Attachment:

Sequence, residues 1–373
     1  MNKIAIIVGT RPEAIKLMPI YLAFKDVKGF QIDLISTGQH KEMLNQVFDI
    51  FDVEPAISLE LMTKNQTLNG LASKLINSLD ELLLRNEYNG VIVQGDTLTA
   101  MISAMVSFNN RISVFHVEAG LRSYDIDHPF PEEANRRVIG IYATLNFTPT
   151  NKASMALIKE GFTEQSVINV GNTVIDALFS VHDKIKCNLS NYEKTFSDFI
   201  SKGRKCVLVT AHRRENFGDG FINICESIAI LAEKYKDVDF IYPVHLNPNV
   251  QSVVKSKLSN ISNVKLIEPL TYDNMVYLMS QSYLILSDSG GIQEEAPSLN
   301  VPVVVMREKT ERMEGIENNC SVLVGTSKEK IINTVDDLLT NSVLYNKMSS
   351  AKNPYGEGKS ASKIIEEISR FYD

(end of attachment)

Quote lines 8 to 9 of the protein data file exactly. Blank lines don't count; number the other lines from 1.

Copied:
   301  VPVVVMREKT ERMEGIENNC SVLVGTSKEK IINTVDDLLT NSVLYNKMSS
   351  AKNPYGEGKS ASKIIEEISR FYD